Tallest onshore turbines 'an option' for Lewis site
What would be the UK's tallest onshore wind turbines have been suggested as an option for a wind farm on Lewis.
Lewis Wind Power is considering turbines with heights of up to 200m (656ft) at a site at Uisinis.
It is also in the early stages of looking at the potential for turbines of up to 187m (614ft) at a site near Stornoway.
The company said any change to the schemes would require new planning consents and public consultations.
Lewis Wind Power, a joint venture between EDF Renewables and Aberdeen-based Wood, already has planning permission for a 45-turbine wind farm at Uisinis and a 36-turbine at the other site.
The consent is for turbines of up to 150m at Uisinis and 145m at Stornoway.
Using taller turbines would not be unique as other wind farm developers have also been considering installing 200m machines at mainland sites.
Lewis Wind Power's two planned wind farms are closely tied to efforts to have a subsea cable laid between the Western Isles and mainland Scotland so power can be exported to the national electricity grid.
For more than 10 years, it has been planned to lay the cable, known as the interconnector, to link renewable energy projects on the islands to the grid.
Will Collins, project manager for Lewis Wind Power, said the company was assessing the potential for using the latest turbine technology.
He said: "If we do decide to proceed with higher tip heights then we would need a fresh planning consent, meaning that all local people and businesses would be consulted on the detail of our plans and have the opportunity to put over their views - positive or negative - to us as the developer and also directly to the Scottish government.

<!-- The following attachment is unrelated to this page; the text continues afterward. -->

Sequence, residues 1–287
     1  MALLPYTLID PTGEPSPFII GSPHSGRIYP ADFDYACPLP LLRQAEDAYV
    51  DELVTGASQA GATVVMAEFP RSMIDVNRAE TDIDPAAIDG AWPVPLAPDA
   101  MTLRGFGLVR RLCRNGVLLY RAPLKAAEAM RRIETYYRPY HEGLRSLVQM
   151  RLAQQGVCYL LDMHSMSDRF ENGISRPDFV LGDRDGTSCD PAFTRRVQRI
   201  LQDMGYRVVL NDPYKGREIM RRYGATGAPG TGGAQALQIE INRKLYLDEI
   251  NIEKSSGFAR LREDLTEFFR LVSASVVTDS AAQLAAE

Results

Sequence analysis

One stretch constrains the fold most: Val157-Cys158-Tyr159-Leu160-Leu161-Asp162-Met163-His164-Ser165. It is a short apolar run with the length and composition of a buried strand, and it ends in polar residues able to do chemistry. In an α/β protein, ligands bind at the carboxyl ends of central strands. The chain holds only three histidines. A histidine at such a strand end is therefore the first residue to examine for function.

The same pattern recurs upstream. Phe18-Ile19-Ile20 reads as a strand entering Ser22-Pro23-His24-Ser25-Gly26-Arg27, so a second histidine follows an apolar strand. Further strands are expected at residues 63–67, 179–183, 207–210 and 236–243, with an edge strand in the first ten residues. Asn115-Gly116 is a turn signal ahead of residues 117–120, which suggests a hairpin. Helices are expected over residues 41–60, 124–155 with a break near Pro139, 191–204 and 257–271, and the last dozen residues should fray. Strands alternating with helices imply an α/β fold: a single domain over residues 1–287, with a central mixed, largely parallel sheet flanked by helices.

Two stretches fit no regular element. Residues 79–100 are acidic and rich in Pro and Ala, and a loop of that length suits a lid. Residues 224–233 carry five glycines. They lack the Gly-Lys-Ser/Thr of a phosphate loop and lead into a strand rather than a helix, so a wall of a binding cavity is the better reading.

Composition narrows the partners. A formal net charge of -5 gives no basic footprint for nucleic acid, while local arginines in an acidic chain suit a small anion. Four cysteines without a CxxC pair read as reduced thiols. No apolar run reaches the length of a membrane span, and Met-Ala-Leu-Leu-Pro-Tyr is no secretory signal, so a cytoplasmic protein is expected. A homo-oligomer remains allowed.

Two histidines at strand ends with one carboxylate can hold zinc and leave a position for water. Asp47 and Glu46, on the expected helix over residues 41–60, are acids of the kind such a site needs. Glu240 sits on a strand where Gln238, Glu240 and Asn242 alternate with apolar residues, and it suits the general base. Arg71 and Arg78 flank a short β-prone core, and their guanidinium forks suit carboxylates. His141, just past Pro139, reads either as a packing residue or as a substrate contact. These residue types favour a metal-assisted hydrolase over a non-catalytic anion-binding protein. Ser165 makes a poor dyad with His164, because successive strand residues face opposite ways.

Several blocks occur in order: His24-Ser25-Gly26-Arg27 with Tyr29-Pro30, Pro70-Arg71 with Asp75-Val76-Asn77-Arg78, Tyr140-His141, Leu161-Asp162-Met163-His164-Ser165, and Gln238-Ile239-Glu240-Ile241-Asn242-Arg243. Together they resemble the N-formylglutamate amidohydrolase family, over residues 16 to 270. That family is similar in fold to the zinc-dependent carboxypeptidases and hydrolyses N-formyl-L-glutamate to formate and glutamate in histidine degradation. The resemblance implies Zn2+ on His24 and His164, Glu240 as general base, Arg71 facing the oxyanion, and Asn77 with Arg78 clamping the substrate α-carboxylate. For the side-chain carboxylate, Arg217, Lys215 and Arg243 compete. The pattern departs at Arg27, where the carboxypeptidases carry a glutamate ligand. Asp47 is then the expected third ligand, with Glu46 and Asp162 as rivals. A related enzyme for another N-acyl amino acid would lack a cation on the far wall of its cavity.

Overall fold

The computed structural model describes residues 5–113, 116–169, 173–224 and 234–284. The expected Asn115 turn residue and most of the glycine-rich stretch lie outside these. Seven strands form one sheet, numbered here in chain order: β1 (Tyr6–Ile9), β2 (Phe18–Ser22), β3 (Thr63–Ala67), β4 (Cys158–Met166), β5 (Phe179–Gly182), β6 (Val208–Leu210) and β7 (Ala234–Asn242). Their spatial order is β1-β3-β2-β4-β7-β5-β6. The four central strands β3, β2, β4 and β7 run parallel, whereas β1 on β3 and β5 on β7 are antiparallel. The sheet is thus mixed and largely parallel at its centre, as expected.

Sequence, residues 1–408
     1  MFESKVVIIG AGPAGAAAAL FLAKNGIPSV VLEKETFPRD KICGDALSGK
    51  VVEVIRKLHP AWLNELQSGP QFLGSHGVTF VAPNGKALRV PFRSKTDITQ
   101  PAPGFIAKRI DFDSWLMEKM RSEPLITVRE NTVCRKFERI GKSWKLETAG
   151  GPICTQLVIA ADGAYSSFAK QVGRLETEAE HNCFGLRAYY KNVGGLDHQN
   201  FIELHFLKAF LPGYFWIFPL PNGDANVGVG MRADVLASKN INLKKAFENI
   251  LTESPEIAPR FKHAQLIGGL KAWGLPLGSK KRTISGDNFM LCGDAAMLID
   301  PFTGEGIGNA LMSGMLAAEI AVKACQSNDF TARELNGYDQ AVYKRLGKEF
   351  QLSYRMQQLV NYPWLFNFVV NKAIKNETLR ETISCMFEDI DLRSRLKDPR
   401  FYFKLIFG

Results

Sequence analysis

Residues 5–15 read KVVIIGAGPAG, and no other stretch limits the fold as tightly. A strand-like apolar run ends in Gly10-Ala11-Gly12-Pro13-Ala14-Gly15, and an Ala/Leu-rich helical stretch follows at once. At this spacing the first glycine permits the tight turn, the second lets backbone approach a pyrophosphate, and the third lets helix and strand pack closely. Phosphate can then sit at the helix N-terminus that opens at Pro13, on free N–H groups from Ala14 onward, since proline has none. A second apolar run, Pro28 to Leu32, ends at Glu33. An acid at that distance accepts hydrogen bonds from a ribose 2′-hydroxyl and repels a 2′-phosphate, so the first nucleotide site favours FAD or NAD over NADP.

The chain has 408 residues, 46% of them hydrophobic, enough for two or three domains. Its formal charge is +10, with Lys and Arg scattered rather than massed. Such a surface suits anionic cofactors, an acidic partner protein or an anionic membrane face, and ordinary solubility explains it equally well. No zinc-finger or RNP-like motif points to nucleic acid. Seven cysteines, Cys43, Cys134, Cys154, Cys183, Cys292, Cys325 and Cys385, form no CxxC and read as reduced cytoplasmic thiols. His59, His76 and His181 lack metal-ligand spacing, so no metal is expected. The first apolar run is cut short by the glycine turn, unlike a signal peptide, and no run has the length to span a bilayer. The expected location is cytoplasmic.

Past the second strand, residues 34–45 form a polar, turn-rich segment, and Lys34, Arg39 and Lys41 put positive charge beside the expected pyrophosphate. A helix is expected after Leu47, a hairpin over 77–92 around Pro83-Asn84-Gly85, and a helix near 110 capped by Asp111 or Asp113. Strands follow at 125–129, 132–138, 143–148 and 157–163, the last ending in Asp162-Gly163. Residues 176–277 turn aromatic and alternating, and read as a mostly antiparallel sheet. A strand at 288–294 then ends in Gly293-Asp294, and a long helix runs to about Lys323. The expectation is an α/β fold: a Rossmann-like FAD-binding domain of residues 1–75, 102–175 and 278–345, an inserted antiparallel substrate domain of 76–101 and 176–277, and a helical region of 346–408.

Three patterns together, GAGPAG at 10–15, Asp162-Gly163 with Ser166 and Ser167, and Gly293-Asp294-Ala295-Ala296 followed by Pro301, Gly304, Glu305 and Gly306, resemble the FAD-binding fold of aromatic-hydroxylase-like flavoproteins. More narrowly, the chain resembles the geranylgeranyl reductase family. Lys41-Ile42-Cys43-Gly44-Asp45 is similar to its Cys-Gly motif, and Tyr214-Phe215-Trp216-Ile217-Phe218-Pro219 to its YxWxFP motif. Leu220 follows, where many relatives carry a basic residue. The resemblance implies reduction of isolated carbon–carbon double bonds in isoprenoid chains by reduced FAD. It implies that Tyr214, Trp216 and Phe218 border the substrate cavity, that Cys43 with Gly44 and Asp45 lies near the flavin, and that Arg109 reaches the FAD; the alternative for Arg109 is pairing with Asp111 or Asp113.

"If we were to move to larger turbines we are likely to use fewer of them, meaning there may not be huge changes to the overall capacity of the two schemes, and thus no real impact on the amount of spare capacity on the grid connection to the mainland.
"The key point remains that without our two schemes there will be no interconnector to the mainland and no further community projects connected to the grid."
Crofters are already opposed to scheme near Stornoway because the site involved is common grazing land. They have taken their case to the Scottish Land Court.
Local campaigner Rhoda MacKenzie has now raised concerns that Lewis Wind Power's new plans would mean the interconnector being just for commercial wind farms.
She said smaller-scale community renewable energy schemes would not be able to also sell power to the mainland electricity grid.
She said: "If the interconnector is going to be used solely for commercial developers then the community cannot stand in favour of it.
"We hope that the Land Court will uphold our objection.
"The other thing that we see as being vitally important is that we get political support from Holyrood to put pressure on EDF to compromise on this development, and get significantly more community benefit than is currently on the table."